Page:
F1 not “relevant” enough for Porsche

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Formula One technology is not relevant enough to road cars according to Porsche.

The company announced last year it will return to the Le Mans 24 Hours in 2014 having considered but rejected entering F1.

Head of research and design Wolfgang Hatz told Autocar: “F1 was an alternative, but the road relevance is not there.”

“Also, there is a lot of publicity around politics and tires, but not so much about the engines and chassis. The aero, too, is incredible, but so extreme that it cannot result in any development in our road car understanding.”

Porsche’s decision comes after several car manufacturers who left F1 in the wake of the economic downturn have joined other racing categories.

Toyota and BMW, who left F1 at the end of 2009, are now competing in the World Endurance Championship and DTM (German touring cars) respectively.

Honda pulled the plug on its F1 program at the end of 2008. It now races in the World Touring Car Championship in addition to being an IndyCar engine supplier. There are rumours it is considering an F1 comeback with McLaren in 2015.

Porsche competed in F1 as a manufacturer team between 1957 and 1962, then returned as an engine supplier to McLaren from 1983 to 1987, and later made a brief return providing engines to Footwork in 1991.

Daniel Ricciardo to decide soon about moving from Red Bull to another F1 team

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LE CASTELLET, France (AP) Daniel Ricciardo says over the next six weeks he wants to decide between staying at Red Bull or joining another Formula One team for next year.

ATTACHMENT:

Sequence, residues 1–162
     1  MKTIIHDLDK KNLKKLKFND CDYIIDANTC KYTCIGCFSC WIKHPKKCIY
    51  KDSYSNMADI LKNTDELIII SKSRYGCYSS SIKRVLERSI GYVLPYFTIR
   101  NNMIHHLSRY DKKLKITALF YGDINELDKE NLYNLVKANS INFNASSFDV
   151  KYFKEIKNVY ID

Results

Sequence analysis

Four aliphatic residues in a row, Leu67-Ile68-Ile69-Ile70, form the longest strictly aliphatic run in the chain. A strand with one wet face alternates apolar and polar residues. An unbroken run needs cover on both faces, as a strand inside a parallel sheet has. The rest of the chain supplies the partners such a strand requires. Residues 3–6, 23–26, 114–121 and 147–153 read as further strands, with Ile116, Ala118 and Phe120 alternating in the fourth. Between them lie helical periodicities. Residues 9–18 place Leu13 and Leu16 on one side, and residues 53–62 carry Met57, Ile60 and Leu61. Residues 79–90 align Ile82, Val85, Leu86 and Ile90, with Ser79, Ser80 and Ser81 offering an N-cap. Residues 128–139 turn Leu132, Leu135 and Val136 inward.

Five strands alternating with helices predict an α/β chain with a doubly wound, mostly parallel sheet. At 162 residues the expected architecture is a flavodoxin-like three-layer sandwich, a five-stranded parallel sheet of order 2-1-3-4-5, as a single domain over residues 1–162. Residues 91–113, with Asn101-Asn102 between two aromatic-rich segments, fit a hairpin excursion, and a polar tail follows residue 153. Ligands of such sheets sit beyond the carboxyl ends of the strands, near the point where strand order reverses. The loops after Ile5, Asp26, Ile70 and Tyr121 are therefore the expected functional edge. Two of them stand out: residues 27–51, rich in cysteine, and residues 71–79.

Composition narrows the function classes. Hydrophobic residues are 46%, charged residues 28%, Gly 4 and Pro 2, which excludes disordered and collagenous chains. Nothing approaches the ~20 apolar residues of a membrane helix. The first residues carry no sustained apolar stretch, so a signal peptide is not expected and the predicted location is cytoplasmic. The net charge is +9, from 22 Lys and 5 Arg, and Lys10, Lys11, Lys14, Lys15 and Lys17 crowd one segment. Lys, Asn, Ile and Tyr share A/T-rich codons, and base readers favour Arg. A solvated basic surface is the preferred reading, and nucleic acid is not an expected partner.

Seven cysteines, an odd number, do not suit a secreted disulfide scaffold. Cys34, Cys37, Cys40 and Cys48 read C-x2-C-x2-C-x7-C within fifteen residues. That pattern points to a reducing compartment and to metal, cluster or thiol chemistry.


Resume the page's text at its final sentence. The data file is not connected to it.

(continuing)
Ricciardo said on Thursday at the French Grand Prix, “It would be nice to go on the summer break knowing what I am doing.”

F1 is working its way toward its three-week break in August with speculation mounting that Mercedes, Ferrari, and McLaren are interested in luring Ricciardo away from Red Bull for 2019.

“I will be honest, everyone is talking about Mercedes and Ferrari as potential places for me to go, and I am aware that there will be interest from other teams,” he said.

The Australian driver has won seven races in his four-plus seasons with Red Bull. He is fourth in the standings behind leader Sebastian Vettel heading into the race at the Paul Ricard Circuit near Marseille.

Ricciardo’s stock has risen in recent months after his victories in Shanghai and Monaco. His Monaco win was particularly impressive because Ricciardo had to deploy some masterful defensive driving to protect his lead after losing an estimated 25 percent of his engine power.

Ricciardo said he had not directly spoken to rivals Ferrari and Mercedes, but he hedged when asked if his manager had.

“People talk, have coffees, I will leave that one open-ended,” he said with a laugh.

Ricciardo called the decision on whether to go or stay with Red Bull the biggest choice of his career following his decision to leave his native Australia and continue his racing career in Europe over a decade ago.

“For sure the priority is to get a car to win the world title because I really believe I can,” he said. “I am slightly careful because it is easy to think the grass is greener and maybe it is, but I also have it pretty good where I am.

“People do like a change but just to make change for the sake of making a change is not enough for me. I need to find some substance behind it to jump ship.”

Red Bull announced recently it would be ending its 12-year partnership with engine-maker Renault and switching to Honda motors for next year.

Ricciardo was hesitant to endorse or criticize the change, saying he was going to “try to keep putting the pieces together if it is a good move.”

But with the question of the engine manufacturer out of the way, Ricciardo said Red Bull would likely be looking to resolve its drivers’ lineup for next year.

“I haven’t been pushed yet, but I would say that there will be some movement in the next week,” he said. “Whether that is something that gets put down on paper (or not), for sure the discussions will start to ramp up in the next few days.”